published: March 12, 2001
in association with Scholastic Publishing, Arthur Levine Books
originally published 1952 by Whizz Hard Books, Diagon Alley, London
illustrated by J.K. Rowling
A popular Hogwarts library book, reproduced for Muggles. The book covers the history of Quidditch from its origins in ancient broom games to the present.
Canon Portkey: outline of Quidditch Through the Ages
QA1 – The Evolution of the Flying Broomstick
QA2 – Ancient Broom Games
QA3 – The Game From Queerditch Marsh
QA4 – The Arrival of the Golden Snitch
QA5 – Anti-Muggle Precautions
QA6 – Changes in Quidditch Since the Fourteenth Century
QA7 – Quidditch Teams of Britain and Ireland
QA8 – The Spread of Quidditch Worldwide
QA9 – The Development of the Racing Broom
QA10 – Quidditch Today
Calendar and Dates
The earliest broom games dated from approximately 1000 AD or earlier, but Quidditch itself is credited as having begun in the "eleventh century." The book covers a thousand years of Quidditch history.
The dates due back on the list of borrowers omit the year, but range from 9 April to 11 March. Since Wood's name is first and Harry's name last on the list, the timeframe is sometime between the start of Wood's first year and the start of Harry's fifth year (since this book came out before OP, and Cedric's name is on the list).
Since Hermione's name is on the list just before Harry's, and we know that she introduced him to this book during their first year, it is possible that the timeframe of the borrowing dates ends at the beginning of Harry's first year (PS9). Later chapters provide more information relevant to the chronology of the book itself.
This book was published between the releases of GF and OP.
Interesting facts and notes
- Rowling wrote this book along with Fantastic Beasts and Where to Find Them for charity. All proceeds will be donated to Comic Relief.
- The book is designed to look like a Hogwarts library book.
- The book is mentioned in several Harry Potter books, but the author was never given until now.
- The original publication date is given in Fantastic Beasts and Where to Find Them (page 39)
- This book is a facsimile of an original Hogwarts library book, perhaps one of several copies that library owns ("It was with some difficulty...that I persuaded Madam Pince to part with one of her books..." emphasis added). This facsimile has been prepared specifically for Muggle eyes, which means that details such as the list of students who had checked it out were added for effect, not necessarily copied verbatim from the library card of the actual book. This may explain why the dates and names don't really make sense.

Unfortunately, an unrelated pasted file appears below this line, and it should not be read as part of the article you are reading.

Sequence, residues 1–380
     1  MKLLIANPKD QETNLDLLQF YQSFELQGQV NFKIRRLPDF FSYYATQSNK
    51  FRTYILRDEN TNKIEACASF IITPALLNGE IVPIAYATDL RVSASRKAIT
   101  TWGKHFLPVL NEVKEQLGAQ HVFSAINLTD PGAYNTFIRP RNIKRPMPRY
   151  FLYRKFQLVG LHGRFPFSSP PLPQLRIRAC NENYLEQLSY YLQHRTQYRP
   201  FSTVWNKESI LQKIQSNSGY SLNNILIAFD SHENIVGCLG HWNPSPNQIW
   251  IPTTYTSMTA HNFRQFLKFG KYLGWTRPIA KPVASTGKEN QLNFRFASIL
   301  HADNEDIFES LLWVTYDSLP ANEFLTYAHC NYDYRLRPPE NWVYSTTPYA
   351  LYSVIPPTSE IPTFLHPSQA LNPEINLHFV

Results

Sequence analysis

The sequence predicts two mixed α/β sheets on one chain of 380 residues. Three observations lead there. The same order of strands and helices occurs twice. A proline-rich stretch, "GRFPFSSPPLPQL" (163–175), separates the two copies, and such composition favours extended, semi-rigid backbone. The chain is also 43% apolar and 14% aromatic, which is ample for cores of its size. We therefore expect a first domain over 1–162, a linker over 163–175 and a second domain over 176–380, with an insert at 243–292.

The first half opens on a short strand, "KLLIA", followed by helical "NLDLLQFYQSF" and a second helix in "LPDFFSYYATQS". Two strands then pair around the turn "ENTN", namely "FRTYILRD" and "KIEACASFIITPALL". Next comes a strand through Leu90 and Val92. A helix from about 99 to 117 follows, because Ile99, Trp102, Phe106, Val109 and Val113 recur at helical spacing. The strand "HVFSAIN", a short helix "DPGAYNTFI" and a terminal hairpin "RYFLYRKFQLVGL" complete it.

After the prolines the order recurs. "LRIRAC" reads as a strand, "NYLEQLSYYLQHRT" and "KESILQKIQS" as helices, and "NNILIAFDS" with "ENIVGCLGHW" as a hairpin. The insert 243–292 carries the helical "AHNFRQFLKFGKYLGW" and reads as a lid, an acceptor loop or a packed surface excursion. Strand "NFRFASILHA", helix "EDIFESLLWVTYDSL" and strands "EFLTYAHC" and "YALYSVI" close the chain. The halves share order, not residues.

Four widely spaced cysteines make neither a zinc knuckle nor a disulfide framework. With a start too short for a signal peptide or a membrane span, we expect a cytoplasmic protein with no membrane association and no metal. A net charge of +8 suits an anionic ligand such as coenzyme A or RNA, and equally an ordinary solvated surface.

Covers and front matter
In which various persons praise the book and biographical data about the author is presented.
The blurbs were "written" by various writers, editors, and Quidditch experts mentioned in the Harry Potter books, and the "About the Author" biographical data is in reference toKennilworthy Whisp, not to JKR.
[Hogwarts Library checkout label (p. i)]
The list of names on this bookplate includes some characters from the novels. The dates are problematic, since they seem to indicate that students check out the book during the summer. All in all, it is likely that this is not an authentic book label but a facsimile created for this special edition of the book by Albus Dumbledore.
[endorsements of the book by several people (p. iv)]
Bathilda Bagshot; the editor of Which Broomstick; Brutus Scrimgeour; Gilderoy Lockhart; Ludo Bagman; and Rita Skeeter ("I've read worse.")
Whisp's hobbies include backgammon, vegetarian cookery, and collecting vintage broomsticks.
A quiet life, in other words. (Backgammon is a board game.)
over 250 million dollars since they started in 1985 - which is the equivalent of over 174 million pounds or thirty-four million Galleons.
Here Dumbledore tells us that Comic Relief U.K. has raised over 250 million dollars, then gives the equivalent as 174 million pounds or 34 million Galleons. From this we can determine that one Galleon is equal to just a tad over 5 pounds, which agrees with her comment in an interview. (See Wizarding World Currency Converter.)
Unfortunately, on the back of the book is listed a price for the book in dollars and in wizarding money, and these do not work out to the same exchange rate, so that is incorrect.. Wouldn't you know it, when CNN created their converter application on their CNNfn website, they used the wrong exchange rate.
[signature] Albus Dumbledore
Dumbledore's handwriting is very old-fashioned in appearance.
Exceptional character moments
Bagman, whose blurb for this book offers to make bet on whether the book will be a best-seller.
Gilderoy Lockhart, whose blurb for this book is self-centred as usual.
I would be deceiving my readers if I said that this explanation made Madam Pince happy about handing a library book over to Muggles. She suggested several alternatives, such as telling the people from Comic Relief U.K. that the library had burned down, or simply pretending that I had dropped dead without leaving instructions.
...though at the point when it came to let go of it, her nerve failed her and I had to individually prise her fingers from the spine.
Please be careful how you treat this book. Do not rip out the pages. Do not drop it in the bath. I cannot promise that Madam Pince will not swoop down on you, wherever you are, and demand a heavy fine.
Quidditch Through the Ages